Britain's Prince Harry and Meghan Markle. (Yui Mok/Pool via AP)

Meghan Markle hasn't said if she will wear a tiara at her upcoming royal wedding, but if she does she'll be able to choose from one of the world's most remarkable jewelry collections.

That's because Queen Elizabeth II, the grandmother of her husband-to-be Prince Harry, has hundreds of tiaras squirreled away in locked vaults, and royal tradition holds that the queen will let Markle borrow one of these sparkly heirlooms.

There's no shortage of diamonds in the queen's collection, to say nothing of rubies, sapphires and emeralds. One tiara is designed so that its emeralds can be replaced by pearls — depending on the rest of the outfit, of course.

London jewelers are hoping Markle will bring tiaras back in fashion when she walks down the aisle. (AP Photo/Kirsty Wigglesworth)

The bride's actual choice probably won't be known until May 19 when she walks down the aisle of St. George's Chapel to marry Harry and officially join the royal family. But some of London's most exclusive jewelers are devoutly hoping she won't turn her back on tiaras in favor of a more egalitarian look.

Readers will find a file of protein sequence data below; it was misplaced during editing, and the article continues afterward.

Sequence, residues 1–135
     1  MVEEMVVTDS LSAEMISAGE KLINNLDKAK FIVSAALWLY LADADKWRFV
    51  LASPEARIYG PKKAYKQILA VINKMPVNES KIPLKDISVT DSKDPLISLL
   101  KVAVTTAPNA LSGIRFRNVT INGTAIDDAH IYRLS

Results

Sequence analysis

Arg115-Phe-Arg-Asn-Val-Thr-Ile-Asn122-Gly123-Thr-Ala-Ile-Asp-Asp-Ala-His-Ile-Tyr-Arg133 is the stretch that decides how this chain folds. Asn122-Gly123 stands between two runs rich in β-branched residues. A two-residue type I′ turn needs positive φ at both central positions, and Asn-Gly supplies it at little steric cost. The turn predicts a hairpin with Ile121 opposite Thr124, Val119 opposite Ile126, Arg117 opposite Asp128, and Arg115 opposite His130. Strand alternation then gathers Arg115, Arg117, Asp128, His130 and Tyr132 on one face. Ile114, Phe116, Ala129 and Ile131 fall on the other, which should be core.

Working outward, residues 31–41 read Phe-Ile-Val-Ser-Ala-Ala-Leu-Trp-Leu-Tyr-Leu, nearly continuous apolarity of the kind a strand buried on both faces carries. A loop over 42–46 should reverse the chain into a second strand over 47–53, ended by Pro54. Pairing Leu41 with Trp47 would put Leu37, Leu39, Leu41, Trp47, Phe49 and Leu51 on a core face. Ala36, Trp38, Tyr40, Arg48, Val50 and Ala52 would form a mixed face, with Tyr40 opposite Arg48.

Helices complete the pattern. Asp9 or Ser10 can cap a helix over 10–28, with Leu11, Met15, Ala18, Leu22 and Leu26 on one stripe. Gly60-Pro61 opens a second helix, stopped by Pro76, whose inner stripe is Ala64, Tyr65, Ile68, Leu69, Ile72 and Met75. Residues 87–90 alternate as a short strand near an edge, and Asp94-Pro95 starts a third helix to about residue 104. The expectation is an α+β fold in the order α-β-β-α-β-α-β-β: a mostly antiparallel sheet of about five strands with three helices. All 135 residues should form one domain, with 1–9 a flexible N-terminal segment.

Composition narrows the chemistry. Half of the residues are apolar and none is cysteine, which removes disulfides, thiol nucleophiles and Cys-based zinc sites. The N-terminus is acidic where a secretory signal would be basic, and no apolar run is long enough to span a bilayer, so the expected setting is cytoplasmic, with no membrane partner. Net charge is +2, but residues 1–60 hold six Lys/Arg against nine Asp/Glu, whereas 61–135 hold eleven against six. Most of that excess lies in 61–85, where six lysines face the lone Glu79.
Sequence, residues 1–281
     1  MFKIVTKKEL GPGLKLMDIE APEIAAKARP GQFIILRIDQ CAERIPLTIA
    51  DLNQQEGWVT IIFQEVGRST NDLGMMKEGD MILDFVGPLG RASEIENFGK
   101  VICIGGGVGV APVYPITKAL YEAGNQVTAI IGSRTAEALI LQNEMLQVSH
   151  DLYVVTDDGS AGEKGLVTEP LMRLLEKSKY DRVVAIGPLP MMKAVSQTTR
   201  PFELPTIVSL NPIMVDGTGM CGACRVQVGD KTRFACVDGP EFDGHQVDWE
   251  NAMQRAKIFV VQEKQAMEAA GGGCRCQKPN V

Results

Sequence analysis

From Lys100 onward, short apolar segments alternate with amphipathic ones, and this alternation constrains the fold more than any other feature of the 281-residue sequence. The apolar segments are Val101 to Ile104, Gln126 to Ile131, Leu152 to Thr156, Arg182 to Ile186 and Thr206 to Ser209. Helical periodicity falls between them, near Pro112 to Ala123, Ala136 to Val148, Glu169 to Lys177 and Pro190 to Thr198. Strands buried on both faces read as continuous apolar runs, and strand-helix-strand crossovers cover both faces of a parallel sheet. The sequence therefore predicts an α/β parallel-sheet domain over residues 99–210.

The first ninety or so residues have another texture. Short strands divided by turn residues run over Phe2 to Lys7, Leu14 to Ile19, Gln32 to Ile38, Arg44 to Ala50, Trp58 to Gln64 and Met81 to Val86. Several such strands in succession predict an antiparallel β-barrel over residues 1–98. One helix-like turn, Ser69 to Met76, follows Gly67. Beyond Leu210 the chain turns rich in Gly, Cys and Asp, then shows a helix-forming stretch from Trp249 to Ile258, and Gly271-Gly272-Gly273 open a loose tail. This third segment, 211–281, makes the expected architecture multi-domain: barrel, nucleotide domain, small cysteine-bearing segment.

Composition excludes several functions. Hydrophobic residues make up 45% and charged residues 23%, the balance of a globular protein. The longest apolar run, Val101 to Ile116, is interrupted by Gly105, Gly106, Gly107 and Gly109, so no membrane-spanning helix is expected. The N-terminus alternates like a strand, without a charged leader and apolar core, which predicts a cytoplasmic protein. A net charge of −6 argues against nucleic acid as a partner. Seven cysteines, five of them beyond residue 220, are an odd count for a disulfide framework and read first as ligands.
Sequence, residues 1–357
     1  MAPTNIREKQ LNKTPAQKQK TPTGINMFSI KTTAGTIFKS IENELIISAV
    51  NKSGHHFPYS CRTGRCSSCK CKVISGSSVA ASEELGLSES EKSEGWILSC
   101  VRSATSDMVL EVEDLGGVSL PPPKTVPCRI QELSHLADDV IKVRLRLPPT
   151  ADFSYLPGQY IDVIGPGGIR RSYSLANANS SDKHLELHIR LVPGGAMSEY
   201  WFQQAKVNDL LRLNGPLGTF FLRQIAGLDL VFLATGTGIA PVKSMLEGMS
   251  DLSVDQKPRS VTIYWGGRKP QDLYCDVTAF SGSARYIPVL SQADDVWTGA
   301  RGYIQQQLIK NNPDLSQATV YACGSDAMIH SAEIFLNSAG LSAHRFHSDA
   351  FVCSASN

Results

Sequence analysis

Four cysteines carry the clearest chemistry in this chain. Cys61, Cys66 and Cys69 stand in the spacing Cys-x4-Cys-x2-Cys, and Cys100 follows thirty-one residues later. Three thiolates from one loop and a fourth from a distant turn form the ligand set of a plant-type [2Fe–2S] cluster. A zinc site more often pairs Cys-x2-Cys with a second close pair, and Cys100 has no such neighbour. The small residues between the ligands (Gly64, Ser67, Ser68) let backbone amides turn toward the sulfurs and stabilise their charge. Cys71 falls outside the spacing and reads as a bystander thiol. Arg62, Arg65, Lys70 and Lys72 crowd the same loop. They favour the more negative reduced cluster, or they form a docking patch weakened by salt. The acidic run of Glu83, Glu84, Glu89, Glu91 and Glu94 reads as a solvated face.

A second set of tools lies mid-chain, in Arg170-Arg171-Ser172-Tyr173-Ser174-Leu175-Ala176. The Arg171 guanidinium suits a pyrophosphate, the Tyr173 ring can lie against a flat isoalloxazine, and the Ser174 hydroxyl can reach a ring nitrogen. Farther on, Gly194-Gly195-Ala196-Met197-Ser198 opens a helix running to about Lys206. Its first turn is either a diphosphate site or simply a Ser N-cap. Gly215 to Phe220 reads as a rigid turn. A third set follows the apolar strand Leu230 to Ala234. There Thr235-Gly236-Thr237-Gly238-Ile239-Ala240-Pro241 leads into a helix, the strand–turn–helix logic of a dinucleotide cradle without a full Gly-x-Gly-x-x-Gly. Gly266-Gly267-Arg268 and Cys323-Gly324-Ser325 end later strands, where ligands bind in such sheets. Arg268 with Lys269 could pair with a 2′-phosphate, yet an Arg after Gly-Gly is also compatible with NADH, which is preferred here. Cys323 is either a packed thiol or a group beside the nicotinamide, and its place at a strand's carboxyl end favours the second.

Markle, a 36-year-old American actress, is known for her contemporary fashion sense and could surprise everyone by skipping the tiara in favor of a less stately, more accessible look. But Omar Vaja, sales director at the renowned Bentley & Skinner jewelry shop in London, thinks she will follow tradition.

"Her style of dress is quite modern and casual," said Vaja. "So she'll probably go for something that's small and modest. There's quite a lot to choose from. I think we're talking about hundreds of tiaras."

He says tiaras often have been kept in aristocratic families for generations, passed down to wear on special occasions.

Prince Charles and Lady Diana Spencer are shown on their wedding day. (AP Photo, file)

Vaja and other jewelers in London's tony Mayfair district have a vested interest in seeing Markle carry forward the tiara tradition. He expects this royal wedding — like earlier ones — to spur interest in tiaras and other vintage treasures that his shop is known for.


LONDON (AP)